Studying the geometry of a common skin disease

phys.org | 10/9/2019 | Staff
smilingbearsmilingbear (Posted by) Level 4
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In a recent study from Hiroshima University, researchers turned to mathematics to predict hive patterns in humans.

Hives afflict one in five people, but the exact mechanisms behind the itchy red rashes are not well known.

Research - Team - Patterns - Hives - Patients

The research team studied the patterns of hives in patients and reproduced the hive patterns using a mathematical model called a reaction-diffusion model, a common prototype for understanding how patterns develop. The researchers' model is a single equation type which had never before been used to generate complex patterns.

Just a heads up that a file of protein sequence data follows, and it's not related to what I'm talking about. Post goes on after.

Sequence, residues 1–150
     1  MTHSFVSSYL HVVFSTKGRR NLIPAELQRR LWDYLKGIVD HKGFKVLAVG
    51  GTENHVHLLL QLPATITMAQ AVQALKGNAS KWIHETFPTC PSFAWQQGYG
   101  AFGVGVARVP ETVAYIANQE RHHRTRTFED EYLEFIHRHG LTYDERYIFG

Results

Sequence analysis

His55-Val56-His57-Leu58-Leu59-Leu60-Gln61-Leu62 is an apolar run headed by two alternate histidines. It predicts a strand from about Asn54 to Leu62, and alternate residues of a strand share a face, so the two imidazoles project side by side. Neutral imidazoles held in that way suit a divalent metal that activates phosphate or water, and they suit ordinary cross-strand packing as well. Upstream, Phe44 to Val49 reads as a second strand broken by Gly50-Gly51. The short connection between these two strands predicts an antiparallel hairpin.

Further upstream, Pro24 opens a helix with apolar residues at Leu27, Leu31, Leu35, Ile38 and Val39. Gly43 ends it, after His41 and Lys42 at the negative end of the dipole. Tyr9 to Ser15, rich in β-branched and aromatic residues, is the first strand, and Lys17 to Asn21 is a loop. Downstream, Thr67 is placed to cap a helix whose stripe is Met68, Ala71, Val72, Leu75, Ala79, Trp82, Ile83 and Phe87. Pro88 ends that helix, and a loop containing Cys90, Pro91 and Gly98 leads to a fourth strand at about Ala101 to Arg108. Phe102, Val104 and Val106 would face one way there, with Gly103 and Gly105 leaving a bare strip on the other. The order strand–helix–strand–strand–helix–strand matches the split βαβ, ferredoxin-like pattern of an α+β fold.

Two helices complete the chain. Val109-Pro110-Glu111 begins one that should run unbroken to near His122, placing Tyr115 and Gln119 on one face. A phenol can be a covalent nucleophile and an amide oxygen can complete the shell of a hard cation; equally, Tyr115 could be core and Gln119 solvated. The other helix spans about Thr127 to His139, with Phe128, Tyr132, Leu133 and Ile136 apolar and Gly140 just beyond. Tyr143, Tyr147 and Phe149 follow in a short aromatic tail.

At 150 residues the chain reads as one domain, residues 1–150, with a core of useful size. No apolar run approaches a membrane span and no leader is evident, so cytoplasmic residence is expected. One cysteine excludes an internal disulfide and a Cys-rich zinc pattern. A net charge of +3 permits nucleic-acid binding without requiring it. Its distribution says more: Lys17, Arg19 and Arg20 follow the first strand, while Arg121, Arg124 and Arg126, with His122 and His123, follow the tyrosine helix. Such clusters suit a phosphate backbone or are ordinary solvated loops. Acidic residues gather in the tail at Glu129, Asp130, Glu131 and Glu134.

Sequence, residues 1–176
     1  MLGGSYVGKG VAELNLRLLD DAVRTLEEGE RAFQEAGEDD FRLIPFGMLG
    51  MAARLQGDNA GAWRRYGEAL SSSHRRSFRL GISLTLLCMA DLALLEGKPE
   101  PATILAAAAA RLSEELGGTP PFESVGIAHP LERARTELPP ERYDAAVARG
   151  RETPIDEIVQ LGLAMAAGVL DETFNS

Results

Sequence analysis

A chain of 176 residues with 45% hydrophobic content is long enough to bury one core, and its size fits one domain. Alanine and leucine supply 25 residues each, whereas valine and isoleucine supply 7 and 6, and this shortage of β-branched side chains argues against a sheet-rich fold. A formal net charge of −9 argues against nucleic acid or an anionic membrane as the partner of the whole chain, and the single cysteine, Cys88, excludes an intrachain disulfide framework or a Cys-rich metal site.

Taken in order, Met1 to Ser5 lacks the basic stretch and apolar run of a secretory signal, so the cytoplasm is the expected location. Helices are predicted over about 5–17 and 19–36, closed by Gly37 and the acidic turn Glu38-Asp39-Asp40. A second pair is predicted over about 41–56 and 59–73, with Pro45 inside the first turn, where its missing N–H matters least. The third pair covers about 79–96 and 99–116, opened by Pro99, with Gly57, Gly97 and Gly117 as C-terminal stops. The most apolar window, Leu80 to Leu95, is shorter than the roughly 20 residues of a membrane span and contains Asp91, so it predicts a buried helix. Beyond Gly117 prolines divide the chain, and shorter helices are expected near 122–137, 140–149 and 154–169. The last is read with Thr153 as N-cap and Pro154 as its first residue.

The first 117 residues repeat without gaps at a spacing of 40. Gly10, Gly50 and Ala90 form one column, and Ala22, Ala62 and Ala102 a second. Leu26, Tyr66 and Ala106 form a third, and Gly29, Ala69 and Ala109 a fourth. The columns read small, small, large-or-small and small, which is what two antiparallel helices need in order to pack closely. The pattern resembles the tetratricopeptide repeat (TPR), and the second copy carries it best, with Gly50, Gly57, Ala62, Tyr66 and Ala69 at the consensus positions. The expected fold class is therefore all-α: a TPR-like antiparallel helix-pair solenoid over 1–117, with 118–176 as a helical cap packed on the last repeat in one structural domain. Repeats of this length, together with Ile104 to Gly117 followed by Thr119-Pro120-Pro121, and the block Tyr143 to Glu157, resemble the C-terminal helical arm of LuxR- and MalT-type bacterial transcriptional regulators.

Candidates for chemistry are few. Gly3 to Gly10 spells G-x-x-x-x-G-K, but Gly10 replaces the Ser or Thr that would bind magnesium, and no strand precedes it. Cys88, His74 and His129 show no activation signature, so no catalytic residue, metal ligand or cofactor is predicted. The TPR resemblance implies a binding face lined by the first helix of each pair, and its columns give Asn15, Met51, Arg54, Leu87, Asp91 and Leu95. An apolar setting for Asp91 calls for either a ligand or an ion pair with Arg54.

In response to injury, allergens, or stress, hives can form when cells called mast cells in the skin release a compound called histamine. The red swollen mark (also known as wheals) can range from a few millimeters to the size of a hand or even larger.

Research - Histamine - Cells - Release - Histamine

While research has shown that histamine itself helps mast cells release histamine, this study considers for the first time that certain mechanisms might also inhibit histamine release and that there may be more going on behind the disease than previously thought.

"Our model succeeded in creating complex pattern of urticaria (hives), which is a very surprising result from both mathematical and biological points...
(Excerpt) Read more at: phys.org
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